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Imagine Love

Earlier this week, World Relief’s CEO, Tim Breene, asked us not to turn a blind eye to the incredible suffering of refugees and asylees worldwide. Indifference to pain and suffering on this scale, he wrote, cannot be the answer. In this same piece, Tim asked,  “What then are we to do in the face of a refugee crisis of unprecedented scale?”

There are no easy answers to these questions, and no quick fixes either. And though we may not have all the solutions, we do have hope. Because we know there is one thing we can do – with all our hearts, all our souls, and all our minds.

We can love.

“Love your neighbor as yourself,” Jesus taught us. So what does that mean for us here at World Relief? And what does it mean in the context of our work with refugees? Yes, as a Christian organization, we strive to live biblically and to embody compassionate, unconditional love through all that we do. But how do we really put that love into action? And does it really make a difference?

Last year I was in a meeting when my colleague, Emily Gray, expressed our desire to love at every step along the journey, “from social security cards to birthday cards,” she smiled.

That phrase has stuck with me ever since. Why? Because it so perfectly represents the ways in which I see World Relief staff go beyond both what’s required and expected, in small (and often big) acts of love.

I’d like you to do something for me. I’d like you to imagine that you and your family have spent the last six years fleeing danger, with little more than the clothes on your back. You’ve lost friends, you’ve lost family, perhaps you’ve even lost hope. Imagine you’re finally given the opportunity to rebuild your life, yet upon arrival, as you try to read the airport signs in a foreign language, the realization dawns on you: This is only the beginning of the next struggle.

This realization could be devastating. It could be crippling. It could even be too much to bear. You had always imagined that once you found refuge, the pain, the loss, the hopelessness would be behind you. Yet suddenly the questions begin running through your mind… How will you learn a new language? How will you find a job and support your family? How will you get around? How will you pay your bills? How will you even know what questions to ask and who to ask? Imagine the overwhelming loss of control you might feel. The panic. The fear. The weight of responsibility.

Now, with this all running through your head, imagine a smile as you exit customs. Imagine a sign of welcome in your language. Imagine an embrace. Imagine a family, giving up their evening, to take you home in a warm car. Imagine that new home, well furnished, prepared for your arrival. Imagine your favorite food on the table. Imagine a community of other families like yours, coming together to welcome you on that first night. Imagine conversation in your native tongue – the answers to so many of your questions answered by those that have gone before you.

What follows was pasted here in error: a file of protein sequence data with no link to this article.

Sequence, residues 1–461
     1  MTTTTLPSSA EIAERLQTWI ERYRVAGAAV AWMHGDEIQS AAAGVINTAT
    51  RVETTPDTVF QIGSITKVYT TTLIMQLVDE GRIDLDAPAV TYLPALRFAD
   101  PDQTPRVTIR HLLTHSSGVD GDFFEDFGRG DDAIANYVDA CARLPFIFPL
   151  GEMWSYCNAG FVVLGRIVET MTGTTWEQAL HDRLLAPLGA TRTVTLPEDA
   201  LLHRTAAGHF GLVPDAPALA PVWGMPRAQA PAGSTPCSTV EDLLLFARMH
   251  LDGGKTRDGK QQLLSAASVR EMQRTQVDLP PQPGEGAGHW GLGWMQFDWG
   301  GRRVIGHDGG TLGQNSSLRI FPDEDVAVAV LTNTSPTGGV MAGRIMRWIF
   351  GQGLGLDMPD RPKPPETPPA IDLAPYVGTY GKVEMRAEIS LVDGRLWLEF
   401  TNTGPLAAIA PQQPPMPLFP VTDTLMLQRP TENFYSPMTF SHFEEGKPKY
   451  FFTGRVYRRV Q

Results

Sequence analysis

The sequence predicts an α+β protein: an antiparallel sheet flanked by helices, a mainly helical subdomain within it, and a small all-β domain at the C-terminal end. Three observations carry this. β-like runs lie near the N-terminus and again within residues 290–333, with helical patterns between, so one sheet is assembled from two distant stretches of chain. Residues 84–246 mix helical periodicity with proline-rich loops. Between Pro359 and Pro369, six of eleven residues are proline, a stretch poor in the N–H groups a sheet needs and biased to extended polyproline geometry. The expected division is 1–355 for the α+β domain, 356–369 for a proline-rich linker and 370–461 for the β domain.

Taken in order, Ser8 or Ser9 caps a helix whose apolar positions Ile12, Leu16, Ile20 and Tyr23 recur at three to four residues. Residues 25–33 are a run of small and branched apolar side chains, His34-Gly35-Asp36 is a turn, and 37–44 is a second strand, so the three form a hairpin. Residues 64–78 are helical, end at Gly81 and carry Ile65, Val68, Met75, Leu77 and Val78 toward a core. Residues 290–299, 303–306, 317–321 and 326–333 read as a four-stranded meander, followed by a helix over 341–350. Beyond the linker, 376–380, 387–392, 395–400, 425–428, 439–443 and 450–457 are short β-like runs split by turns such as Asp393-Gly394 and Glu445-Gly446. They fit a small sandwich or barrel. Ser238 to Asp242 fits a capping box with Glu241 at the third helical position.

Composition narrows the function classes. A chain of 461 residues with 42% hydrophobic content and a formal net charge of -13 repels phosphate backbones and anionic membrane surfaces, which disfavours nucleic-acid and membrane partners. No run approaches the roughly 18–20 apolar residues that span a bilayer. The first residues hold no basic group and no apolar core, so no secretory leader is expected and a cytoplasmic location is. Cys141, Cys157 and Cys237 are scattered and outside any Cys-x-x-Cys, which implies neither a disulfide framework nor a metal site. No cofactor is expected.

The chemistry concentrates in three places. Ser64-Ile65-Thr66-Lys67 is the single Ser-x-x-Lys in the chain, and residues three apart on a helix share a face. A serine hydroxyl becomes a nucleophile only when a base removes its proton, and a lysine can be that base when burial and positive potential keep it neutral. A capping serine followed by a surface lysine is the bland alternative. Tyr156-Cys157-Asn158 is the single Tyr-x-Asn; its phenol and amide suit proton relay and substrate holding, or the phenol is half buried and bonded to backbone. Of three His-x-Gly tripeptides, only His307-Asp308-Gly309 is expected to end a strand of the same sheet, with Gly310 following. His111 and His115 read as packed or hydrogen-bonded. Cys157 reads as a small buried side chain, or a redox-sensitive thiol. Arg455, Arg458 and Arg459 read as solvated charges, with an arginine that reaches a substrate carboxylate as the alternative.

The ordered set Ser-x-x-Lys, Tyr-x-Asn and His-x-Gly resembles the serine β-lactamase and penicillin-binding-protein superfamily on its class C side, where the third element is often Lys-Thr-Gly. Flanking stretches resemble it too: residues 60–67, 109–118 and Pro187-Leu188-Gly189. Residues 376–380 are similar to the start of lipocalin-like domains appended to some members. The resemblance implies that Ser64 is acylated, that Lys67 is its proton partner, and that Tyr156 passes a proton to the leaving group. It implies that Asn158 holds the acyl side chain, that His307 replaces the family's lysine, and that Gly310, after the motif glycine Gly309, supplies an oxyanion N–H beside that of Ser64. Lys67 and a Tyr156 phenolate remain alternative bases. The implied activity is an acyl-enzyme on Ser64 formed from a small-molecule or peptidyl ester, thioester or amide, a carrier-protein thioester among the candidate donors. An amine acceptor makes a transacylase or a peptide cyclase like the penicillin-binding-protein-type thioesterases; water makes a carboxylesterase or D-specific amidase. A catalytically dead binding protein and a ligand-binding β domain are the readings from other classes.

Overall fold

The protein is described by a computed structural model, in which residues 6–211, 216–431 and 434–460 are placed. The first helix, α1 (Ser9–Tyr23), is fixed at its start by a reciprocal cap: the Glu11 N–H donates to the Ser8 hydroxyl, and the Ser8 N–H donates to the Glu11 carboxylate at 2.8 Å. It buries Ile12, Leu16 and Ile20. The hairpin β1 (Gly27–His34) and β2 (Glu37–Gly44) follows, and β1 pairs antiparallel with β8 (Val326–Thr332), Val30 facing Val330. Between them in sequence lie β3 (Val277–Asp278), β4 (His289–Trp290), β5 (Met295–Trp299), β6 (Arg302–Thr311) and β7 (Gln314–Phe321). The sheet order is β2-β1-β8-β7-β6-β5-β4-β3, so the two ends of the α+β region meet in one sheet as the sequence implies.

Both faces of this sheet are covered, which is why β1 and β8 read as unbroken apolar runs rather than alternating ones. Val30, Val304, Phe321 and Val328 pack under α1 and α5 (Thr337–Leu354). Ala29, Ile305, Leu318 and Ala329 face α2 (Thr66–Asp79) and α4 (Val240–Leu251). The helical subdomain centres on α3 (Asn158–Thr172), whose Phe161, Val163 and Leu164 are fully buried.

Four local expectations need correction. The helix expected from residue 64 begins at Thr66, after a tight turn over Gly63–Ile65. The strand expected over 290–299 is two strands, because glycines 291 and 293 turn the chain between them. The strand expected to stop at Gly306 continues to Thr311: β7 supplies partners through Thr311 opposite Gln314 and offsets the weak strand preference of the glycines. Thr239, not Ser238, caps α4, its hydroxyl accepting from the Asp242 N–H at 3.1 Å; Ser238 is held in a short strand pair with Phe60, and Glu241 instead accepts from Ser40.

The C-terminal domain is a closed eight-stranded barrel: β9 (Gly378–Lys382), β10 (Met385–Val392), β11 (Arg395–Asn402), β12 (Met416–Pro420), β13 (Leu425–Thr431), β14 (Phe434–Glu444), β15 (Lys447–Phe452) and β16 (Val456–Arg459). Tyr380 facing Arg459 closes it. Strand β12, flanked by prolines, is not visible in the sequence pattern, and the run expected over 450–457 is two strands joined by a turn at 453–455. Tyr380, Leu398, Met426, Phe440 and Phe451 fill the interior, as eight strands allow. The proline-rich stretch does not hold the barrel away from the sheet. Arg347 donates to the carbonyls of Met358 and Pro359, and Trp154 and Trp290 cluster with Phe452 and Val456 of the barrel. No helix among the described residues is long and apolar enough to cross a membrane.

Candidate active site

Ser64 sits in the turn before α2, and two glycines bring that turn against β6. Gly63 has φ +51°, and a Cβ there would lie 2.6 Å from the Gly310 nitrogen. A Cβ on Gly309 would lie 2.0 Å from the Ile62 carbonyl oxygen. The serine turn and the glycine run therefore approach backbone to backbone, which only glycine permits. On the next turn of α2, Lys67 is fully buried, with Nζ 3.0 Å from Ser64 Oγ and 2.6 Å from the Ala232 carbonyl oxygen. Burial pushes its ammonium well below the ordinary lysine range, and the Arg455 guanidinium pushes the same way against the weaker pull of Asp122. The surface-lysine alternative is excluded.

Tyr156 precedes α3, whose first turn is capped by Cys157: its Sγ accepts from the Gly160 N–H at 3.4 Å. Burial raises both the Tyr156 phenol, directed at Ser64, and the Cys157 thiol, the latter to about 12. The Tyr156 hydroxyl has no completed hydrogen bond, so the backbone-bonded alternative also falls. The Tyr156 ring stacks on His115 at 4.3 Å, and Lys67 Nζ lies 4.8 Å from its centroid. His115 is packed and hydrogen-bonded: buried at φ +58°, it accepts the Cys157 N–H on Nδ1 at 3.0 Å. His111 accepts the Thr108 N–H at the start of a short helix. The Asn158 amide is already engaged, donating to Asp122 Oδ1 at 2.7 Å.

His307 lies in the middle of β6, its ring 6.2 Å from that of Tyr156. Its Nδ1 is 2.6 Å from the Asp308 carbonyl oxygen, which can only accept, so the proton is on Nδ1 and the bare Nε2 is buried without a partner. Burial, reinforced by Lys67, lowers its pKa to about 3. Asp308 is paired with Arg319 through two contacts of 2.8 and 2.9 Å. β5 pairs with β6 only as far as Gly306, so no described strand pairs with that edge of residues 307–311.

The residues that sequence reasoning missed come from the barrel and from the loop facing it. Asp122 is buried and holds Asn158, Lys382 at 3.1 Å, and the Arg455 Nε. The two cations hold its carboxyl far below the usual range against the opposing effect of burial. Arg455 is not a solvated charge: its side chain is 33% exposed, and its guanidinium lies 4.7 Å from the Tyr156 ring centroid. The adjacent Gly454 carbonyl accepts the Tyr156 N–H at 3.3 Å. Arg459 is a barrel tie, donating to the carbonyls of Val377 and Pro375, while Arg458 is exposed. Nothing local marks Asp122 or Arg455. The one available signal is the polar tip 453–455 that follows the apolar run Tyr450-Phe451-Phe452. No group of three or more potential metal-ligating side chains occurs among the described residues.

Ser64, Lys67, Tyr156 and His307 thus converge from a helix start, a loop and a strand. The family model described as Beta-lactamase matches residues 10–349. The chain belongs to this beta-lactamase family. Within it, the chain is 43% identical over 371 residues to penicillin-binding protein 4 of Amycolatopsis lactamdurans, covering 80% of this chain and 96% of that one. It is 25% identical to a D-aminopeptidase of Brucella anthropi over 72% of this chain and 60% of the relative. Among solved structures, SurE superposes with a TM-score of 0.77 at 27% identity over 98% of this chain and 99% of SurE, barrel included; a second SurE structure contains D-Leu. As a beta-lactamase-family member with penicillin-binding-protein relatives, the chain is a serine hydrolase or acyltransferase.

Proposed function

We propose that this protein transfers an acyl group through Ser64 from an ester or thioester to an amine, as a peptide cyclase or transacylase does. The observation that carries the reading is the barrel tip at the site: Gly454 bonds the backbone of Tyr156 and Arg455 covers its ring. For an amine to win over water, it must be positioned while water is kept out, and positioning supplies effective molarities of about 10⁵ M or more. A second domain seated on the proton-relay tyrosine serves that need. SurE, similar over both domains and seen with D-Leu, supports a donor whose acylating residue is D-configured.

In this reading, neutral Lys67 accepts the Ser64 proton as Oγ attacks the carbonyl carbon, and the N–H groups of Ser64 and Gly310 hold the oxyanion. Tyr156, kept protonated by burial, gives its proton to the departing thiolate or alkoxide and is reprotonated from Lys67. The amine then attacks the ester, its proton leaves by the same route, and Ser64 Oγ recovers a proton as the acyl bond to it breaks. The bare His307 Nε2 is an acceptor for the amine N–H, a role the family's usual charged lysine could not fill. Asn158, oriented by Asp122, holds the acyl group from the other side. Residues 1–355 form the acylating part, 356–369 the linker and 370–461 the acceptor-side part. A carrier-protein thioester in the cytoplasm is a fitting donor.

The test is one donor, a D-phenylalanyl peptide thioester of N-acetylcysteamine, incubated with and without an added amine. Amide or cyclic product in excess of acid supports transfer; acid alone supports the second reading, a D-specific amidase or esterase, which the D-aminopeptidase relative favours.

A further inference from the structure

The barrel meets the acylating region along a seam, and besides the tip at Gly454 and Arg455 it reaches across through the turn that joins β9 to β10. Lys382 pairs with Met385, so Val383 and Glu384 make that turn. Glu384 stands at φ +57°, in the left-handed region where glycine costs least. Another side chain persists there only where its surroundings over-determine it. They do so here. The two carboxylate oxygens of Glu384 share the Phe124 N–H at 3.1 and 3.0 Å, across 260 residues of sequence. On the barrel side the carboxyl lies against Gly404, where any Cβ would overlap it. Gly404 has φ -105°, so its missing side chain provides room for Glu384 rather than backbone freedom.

Now imagine the realization that you won’t have to do this alone. That from job placement, to English classes, to bus route training, to child care, to DMV lines and hospital appointments, someone will be with you. And that someone will show you love, compassion, and friendship at every step along the way. From social security card, to birthday card.

Has the fear subsided yet? Do you feel loved?

At World Relief, we’ve welcomed and provided support to almost 300,000 refugees since 1979. We love these strangers as neighbors because Jesus calls us to love. But we also do it because we know that’s what we’d all want for our own families. And we believe that every family deserves the opportunity to build a stable, secure life. Love is more than an organizational identity for us at World Relief. It’s in the DNA of our leadership, our staff, our partners, and volunteers.

Now let us return to Tim’s question: “What then are we to do in the face of a refugee crisis of unprecedented scale?”

There is much we cannot control. But that does not mean we have to stand idly by. We can continue to advocate, to love, and to speak out on behalf of vulnerable refugees all around the world. Because this, this we can control. This we can do.

We can love.

Will you join us?

Francesca Albano currently serves as Product Development Lead at World Relief. With a background in Cultural Anthropology and a graduate degree in Strategic Marketing Communications, she connects her interests in societal studies and global cultures with her training in brand strategy and storytelling. Francesca is especially passionate about grassroots community development and the treatment and advancement of women and girls around the world.

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